BAKER CITY — The Toyota shuddered as a patch of slush grabbed the rear tires and I noticed, with my peripheral vision, that my wife had grasped the passenger door handle.
I gave the steering wheel a slight tug and the rig straightened.
I also eased up a bit on the gas pedal.
It was Mother’s Day, after all.
I didn’t want to exacerbate Lisa’s instinctive trepidation about driving through snow on a steep mountain road which has a conspicuous absence of guardrails.
And a conspicuous surplus of slopes down which a vehicle, freed from the constraints of asphalt, would careen in a series of great leaps and bounds that demonstrate the terrible beauty of gravity.
We were driving up to Anthony Lakes, planning to strap on our snowshoes for what might be the last time until the first big autumn storm.
May, of course, is supposed to distill the qualities that make spring a glorious season.
The snow squall is not one of those qualities.
Nonetheless it was snow, rather than sunshine and balmy temperatures and fragrant blossoms, that defined the first third of this May.
And that was in the valleys.
In the mountains, spring has yet to put in even a desultory appearance.
I was reminded, as I steered our FJ Cruiser around the curves climbing into the Elkhorns — and in one case around a pair of multi-ton granitic boulders that had tumbled off the cutbank and landed in the road — of how dramatically different the alpine realm is from the lowlands where most of us live.
This is no revelation, to be sure.
I can see the triangular tip of Elkhorn Peak, the second-tallest summit in the range at 8,931 feet, from my living room. That pyramid of sedimentary stone bears at least a trace of snow, visible from my sofa more than a dozen miles away, for about nine months of most years.
This is not the case with my backyard.
Or any other place in Baker City or La Grande or Enterprise.
Yet even though this alpine world, where the ground is beneath snow far more often than it’s exposed, is no great distance away, it struck me during our Mother’s Day drive that most Americans can’t claim similar circumstances.
Only those relatively few of us, whose homes lie so near to great mountains that rise precipitously from adjacent valleys, actually can make such a journey, from the temperate and the arable to something closer to a polar zone, in less than an hour.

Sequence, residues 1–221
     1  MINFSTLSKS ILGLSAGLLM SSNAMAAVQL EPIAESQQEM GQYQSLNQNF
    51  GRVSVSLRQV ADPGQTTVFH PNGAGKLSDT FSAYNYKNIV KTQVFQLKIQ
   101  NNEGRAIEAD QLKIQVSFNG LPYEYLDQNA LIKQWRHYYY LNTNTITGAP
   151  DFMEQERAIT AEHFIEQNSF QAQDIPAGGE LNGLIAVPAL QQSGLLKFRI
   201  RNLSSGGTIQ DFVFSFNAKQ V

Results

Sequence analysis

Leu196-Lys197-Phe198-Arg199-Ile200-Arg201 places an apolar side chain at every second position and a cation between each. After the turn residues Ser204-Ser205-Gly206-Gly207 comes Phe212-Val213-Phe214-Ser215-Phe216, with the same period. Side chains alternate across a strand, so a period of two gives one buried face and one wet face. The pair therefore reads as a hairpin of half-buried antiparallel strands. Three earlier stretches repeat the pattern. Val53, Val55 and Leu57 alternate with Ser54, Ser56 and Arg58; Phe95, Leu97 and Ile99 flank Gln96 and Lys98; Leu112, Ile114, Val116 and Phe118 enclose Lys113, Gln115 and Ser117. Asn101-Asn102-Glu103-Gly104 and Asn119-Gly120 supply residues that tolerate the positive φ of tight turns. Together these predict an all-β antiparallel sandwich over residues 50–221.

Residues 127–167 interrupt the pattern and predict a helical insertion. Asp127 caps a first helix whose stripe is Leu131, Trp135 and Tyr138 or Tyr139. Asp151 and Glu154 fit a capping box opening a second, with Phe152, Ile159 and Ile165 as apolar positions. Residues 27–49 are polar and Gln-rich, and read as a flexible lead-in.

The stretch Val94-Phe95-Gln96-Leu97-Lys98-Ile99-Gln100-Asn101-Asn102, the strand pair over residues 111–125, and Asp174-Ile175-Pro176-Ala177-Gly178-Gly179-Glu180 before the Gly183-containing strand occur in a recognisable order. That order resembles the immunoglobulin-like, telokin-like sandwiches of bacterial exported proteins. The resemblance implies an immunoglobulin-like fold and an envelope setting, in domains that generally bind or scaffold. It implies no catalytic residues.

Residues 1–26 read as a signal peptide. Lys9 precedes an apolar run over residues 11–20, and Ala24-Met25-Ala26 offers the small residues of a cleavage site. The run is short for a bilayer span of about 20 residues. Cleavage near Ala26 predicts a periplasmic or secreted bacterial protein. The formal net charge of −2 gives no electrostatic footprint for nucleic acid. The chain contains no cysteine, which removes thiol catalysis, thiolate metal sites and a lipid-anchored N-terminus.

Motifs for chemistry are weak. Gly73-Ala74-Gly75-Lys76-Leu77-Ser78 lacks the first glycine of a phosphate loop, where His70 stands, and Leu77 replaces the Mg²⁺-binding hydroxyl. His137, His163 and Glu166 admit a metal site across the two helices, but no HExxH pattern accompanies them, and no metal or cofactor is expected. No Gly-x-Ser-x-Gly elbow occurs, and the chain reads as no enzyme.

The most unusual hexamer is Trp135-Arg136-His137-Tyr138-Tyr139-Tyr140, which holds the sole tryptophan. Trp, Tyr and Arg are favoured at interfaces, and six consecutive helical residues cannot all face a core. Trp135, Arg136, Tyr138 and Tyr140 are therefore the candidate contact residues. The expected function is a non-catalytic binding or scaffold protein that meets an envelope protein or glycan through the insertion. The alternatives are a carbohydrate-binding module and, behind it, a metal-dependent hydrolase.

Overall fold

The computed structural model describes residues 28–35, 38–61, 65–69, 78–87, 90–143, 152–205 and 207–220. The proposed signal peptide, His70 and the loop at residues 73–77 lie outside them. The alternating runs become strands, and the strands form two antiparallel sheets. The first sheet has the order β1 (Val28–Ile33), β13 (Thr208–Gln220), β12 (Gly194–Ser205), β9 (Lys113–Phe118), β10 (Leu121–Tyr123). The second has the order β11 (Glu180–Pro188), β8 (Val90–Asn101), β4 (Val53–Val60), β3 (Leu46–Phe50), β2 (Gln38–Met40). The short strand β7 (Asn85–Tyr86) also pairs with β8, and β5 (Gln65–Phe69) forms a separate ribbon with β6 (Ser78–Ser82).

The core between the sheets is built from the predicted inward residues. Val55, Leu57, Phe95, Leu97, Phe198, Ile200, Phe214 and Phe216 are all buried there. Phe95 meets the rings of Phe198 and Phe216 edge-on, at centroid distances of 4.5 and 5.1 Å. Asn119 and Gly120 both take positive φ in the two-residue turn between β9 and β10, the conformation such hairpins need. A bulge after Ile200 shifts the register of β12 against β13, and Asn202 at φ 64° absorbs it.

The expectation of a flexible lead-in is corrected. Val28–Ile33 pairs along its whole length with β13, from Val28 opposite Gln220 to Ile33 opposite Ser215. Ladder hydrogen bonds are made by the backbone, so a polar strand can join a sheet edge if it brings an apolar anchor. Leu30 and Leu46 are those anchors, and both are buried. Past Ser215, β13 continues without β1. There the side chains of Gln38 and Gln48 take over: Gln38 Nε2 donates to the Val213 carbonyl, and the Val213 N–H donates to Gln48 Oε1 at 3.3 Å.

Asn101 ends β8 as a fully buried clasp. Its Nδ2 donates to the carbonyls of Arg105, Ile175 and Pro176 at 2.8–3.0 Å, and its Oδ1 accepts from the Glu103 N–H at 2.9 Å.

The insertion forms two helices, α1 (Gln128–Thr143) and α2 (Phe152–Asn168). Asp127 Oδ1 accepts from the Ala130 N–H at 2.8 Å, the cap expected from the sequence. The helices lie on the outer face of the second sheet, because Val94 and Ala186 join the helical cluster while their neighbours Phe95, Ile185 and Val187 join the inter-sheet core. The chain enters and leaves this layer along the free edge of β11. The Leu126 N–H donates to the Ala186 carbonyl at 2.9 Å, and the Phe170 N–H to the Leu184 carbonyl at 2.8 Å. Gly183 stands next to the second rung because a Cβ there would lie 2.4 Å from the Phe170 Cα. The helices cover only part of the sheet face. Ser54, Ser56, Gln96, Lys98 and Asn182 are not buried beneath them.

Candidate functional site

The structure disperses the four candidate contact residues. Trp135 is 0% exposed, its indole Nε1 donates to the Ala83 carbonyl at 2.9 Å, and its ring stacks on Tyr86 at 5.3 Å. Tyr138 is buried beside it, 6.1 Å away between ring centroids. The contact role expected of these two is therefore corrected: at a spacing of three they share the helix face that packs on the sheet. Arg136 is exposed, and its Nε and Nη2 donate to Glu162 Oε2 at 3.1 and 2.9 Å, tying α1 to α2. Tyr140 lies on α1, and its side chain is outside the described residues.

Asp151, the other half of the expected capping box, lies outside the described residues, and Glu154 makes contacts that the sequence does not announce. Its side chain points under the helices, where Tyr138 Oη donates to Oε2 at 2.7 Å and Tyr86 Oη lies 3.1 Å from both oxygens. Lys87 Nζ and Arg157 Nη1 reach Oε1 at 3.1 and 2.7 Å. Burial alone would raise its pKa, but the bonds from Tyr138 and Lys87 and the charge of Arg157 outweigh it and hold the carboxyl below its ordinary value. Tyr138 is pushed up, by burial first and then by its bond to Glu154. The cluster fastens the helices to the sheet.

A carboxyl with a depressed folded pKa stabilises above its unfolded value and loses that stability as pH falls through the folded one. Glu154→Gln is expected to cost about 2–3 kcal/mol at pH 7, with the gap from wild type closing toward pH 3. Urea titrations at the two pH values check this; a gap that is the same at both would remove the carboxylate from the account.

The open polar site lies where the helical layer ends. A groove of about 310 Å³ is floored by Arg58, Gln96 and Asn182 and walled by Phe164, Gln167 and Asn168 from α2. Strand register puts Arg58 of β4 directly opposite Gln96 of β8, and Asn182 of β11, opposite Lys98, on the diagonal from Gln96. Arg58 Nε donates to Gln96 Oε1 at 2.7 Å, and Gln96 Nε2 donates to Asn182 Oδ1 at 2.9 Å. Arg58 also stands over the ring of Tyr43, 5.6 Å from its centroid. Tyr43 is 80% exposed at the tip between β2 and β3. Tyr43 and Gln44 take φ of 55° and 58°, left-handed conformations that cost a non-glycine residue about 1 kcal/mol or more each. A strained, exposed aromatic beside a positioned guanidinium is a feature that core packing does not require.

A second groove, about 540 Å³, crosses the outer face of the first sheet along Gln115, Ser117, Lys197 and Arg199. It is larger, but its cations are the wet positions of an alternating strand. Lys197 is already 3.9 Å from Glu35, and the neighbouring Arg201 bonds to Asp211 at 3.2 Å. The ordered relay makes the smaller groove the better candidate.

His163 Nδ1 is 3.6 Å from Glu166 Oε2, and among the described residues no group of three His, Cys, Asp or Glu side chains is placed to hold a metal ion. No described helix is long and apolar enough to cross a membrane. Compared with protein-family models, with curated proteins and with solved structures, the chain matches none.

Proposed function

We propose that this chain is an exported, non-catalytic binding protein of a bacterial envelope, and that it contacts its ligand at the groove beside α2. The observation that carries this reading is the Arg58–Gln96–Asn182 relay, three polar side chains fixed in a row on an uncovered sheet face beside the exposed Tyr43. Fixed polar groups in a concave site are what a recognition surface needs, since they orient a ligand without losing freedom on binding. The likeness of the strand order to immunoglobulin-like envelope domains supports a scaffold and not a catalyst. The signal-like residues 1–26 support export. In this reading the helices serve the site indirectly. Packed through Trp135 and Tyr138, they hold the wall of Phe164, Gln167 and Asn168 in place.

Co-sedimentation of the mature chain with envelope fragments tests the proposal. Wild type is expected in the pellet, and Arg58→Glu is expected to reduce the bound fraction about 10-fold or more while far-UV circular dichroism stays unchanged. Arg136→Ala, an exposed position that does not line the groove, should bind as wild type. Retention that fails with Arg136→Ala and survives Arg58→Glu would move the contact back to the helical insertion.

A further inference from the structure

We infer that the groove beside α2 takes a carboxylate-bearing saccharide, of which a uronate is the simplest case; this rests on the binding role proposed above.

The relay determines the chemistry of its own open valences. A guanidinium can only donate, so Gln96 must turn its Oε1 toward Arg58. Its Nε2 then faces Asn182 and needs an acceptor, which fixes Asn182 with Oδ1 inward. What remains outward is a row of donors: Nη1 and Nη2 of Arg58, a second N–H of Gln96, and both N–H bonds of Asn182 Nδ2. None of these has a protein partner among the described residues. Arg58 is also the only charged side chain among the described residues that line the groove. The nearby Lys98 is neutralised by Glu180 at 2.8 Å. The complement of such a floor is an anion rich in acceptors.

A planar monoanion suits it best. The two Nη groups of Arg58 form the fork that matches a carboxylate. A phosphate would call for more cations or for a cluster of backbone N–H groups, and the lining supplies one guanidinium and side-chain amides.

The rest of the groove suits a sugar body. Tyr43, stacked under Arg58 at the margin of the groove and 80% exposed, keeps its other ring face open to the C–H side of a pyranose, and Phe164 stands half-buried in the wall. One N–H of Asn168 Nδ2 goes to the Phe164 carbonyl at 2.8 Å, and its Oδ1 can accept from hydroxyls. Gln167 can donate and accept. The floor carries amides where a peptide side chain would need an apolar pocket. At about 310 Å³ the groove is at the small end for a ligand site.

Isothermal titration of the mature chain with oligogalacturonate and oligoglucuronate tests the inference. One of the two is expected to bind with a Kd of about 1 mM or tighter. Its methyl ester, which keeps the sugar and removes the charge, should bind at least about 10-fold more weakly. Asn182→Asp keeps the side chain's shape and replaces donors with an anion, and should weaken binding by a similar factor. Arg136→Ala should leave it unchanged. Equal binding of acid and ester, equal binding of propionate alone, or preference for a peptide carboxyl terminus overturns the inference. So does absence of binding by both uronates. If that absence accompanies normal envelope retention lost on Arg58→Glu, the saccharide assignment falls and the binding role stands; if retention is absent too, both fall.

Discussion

The transition tends to be especially distinct during the spring and fall.
In the latter season, early storms that bring only rain to the lowlands can pile feet of snow on the peaks.
During spring, as the snow line retreats, a similar pattern emerges.
In the span of less than two miles on our drive to Anthony Lakes, between the Baker Valley Overlook pullout and Antone Creek, the landscape changed from scattered snow patches in sheltered shady spots to a solid cover better than three feet deep.
It was deeper still — five feet, according to the snow-measuring stake in a meadow across from the Elkhorn Crest trailhead parking lot — at 7,100 feet.
Conditions were very nearly ideal for spring snowshoeing.
The old snowpack, as it were, was nicely firm. But it was also covered with about six inches of fresh snow that, uncommon for the season, did not cling to snowshoes.
Slushy spring snow — the sort that yanked at our Cruiser’s tires on the drive up — can stick to a snowshoe with the tenacity of a psychotic barnacle, adding a pound or two of ballast to each clumsy step. This is frustrating as only a tussle with an inanimate object can be, and exhausting besides.
But at the higher elevation around Anthony Lake, with temperatures more typical of February than May — it was 24 degrees when Lisa and I, accompanied by our son, Max, who’s 11, started walking — the new snow made a soft and powdery cushion atop the icy, grainy snow below.
We traced the east shore of Anthony Lake amid a snow shower that drifted off to reveal patches of blue sky. There was scarcely a breeze, and despite the subfreezing temperature we all soon shed a layer.
Lisa and I chuckled at the curious confluence of conditions — we actually sought the meager shade of a copse of subalpine firs, enjoying the cool patch as we might do on a torrid August afternoon, yet we were standing atop snowdrifts that surely topped six feet in places.
We continued east, roughly following the summer trail but feeling no pressure to do so, as a person does when there is an actual path to conform to.
This is perhaps my favorite part of snowshoeing. The drifts render irrelevant almost all the obstacles that could stymie a summer hiker — the fallen logs and rocks and boggy patches that can create a labyrinth of things capable of inflicting all manner of orthopedic injuries.
It is refreshing to plot your own route through the forest, which at high elevations is rather sparse anyway, the trees slender but for the occasional hoary old Engelmann spruce.
We found the spot where a sign marks the junction of the Elkhorn Crest Trail and the path that branches off to Anthony Lake.
What we didn’t find was the sign itself.
I recognized the telltale hump in the snow, but although we spent several minutes hacking ineffectually at the snow we never did uncover it. The sign has long been a bellwether for me, a tangible symbol of how close summer is to assuming its brief ascendancy in this land where ice and snow reign.
That evening back at home a storm swept in, heavy with snow, and for a few hours it might well have been January. Only the bright green new leaves of the willows, clotted temporarily with white, betrayed the illusion.
I thought of where we had walked just a few hours earlier, wondered whether the flakes were falling there too, filling in our prints and restoring to that place the visage of winter that is its true face.